The best part of "Super Mamika" is the Goldberg reports his grandmother no longer shows any signs of depression!
Thirty years ago this week, 350 million people (83 million television viewers in America alone) tuned in to CBS's popular show Dallas to get the answer to one of the biggest cliffhangers in TV history. Who shot J.R?
The show, which debuted in 1978, was the first of its kind as a "primetime soap opera," and went on to run 12 full seasons.
The phrase became part of the lexicon, even becoming a popular T-shirt before the airing of the third season, which was riddled with a SAG strike and a contract dispute with Larry Hagman. Viewers had to wait an excruciating eight months to find out who shot the guy people loved to hate.
Cliffhangers have the amazing ability to keep people talking about their favorite shows during the off-season and (today) encourage sales of full-season DVDs, soundtracks and other branded apparel. And, of course, they have the desired effect of heightening the anticipation of the following season.
Dallas' "Who Shot J.R." is arguably the best television cliffhanger off all time, but what's your favorite television cliffhanger/plot twist?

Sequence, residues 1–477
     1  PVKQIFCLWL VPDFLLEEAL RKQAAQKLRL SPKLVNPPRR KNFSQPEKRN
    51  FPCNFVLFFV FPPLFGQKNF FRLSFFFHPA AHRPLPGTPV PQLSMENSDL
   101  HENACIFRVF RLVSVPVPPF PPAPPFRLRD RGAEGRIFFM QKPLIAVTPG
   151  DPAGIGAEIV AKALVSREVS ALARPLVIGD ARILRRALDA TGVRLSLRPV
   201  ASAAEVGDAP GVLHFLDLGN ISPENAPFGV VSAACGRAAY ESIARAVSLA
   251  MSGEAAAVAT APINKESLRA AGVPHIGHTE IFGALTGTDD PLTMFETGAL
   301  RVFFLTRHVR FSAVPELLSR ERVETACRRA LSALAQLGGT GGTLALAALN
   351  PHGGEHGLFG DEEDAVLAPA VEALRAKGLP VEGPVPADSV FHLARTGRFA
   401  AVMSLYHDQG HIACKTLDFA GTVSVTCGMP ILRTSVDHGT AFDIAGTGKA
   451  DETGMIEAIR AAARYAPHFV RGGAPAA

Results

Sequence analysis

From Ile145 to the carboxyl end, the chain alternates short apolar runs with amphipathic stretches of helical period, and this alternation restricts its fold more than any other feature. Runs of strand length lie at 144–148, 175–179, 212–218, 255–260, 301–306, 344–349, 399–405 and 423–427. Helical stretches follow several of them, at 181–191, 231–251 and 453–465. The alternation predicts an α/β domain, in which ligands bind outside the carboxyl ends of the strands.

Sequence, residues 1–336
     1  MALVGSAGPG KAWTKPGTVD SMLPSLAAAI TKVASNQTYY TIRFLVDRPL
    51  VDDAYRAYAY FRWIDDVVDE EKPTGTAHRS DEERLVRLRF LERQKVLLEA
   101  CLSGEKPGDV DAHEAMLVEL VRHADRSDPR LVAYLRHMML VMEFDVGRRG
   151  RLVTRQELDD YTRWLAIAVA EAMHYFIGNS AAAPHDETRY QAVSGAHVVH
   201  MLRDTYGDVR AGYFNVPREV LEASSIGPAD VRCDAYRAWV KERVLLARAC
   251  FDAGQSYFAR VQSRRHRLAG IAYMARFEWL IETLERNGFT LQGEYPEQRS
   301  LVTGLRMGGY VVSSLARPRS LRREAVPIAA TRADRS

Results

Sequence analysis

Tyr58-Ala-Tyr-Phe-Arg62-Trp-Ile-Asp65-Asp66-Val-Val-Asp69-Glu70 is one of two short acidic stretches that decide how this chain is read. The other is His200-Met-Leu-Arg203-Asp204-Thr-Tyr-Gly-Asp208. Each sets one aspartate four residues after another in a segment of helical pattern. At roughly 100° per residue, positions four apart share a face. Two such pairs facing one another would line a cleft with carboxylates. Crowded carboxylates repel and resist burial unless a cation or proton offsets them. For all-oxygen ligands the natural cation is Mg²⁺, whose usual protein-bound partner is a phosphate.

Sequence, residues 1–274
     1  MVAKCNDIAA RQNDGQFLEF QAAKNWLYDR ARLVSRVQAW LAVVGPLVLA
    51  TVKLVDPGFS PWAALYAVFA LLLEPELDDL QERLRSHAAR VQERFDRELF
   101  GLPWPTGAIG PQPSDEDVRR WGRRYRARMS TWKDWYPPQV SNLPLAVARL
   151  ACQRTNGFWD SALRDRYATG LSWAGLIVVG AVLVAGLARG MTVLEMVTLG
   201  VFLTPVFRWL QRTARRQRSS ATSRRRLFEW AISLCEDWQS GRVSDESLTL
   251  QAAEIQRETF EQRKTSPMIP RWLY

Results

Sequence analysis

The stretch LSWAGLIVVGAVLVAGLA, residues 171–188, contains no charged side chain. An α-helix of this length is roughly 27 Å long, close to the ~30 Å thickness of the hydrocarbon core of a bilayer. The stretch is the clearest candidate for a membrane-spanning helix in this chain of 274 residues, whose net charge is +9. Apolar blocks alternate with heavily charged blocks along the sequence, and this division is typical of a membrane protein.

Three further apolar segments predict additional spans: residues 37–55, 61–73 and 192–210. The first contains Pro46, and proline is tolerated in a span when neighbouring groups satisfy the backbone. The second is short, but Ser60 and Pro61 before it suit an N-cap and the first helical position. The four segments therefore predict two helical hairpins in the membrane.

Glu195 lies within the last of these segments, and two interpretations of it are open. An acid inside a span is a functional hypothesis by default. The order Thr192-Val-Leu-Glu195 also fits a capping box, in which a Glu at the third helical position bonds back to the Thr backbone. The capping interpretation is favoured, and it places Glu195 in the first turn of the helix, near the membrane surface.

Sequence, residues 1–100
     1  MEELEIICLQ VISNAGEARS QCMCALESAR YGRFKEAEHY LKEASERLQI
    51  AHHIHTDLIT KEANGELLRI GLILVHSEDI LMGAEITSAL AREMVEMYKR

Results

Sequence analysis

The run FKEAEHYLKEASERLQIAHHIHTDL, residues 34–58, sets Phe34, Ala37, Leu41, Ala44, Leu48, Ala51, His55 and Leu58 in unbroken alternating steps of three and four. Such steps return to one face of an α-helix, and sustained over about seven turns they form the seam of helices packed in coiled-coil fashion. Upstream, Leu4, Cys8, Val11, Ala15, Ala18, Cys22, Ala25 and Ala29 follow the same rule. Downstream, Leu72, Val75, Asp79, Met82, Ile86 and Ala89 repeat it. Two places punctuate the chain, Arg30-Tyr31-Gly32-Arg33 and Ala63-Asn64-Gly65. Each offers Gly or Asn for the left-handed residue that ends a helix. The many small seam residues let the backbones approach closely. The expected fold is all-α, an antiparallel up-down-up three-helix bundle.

The brain is a commodity used to fertilize ideas. ~Elbert Hubbard
"Aidan is no ordinary 5 year old boy, in fact he is quite extraordinary. What sets him apart from most kids is his love for all things scary. He loves monsters, clowns, drawing, and dressing up. He does not wait for Halloween to roll around to have an excuse to wear a costume. And you better believe while in costume he will break character for nothing."
Incredible words that begin the explanation of the Aid for Aidan blog.
Aidan was diagnosed with Acute Lymphoblastic Leukemia on September 13, 2010. He's undergoing chemotherapy, but with the help of his amazing parents (great pics of Aidan with his mom and dad on the blog), Aidan is helping defray the cost of his health care and his parents' lost wages by doing something he loves - drawing.
Aidan loves monsters. And not just in a "yeah, those are cool" kinda way. Aidan REALLY DIGS monsters. He draws them all the time!
So, 10 days after Aidan's diagnosis, his parents started posting some of his monster drawings on popular homemaking site Etsy.
Aidan's monster drawings have taken off! Prints of 12 of Aidan's original drawings are available, and (to date) more more than 3,900 have already been purchased!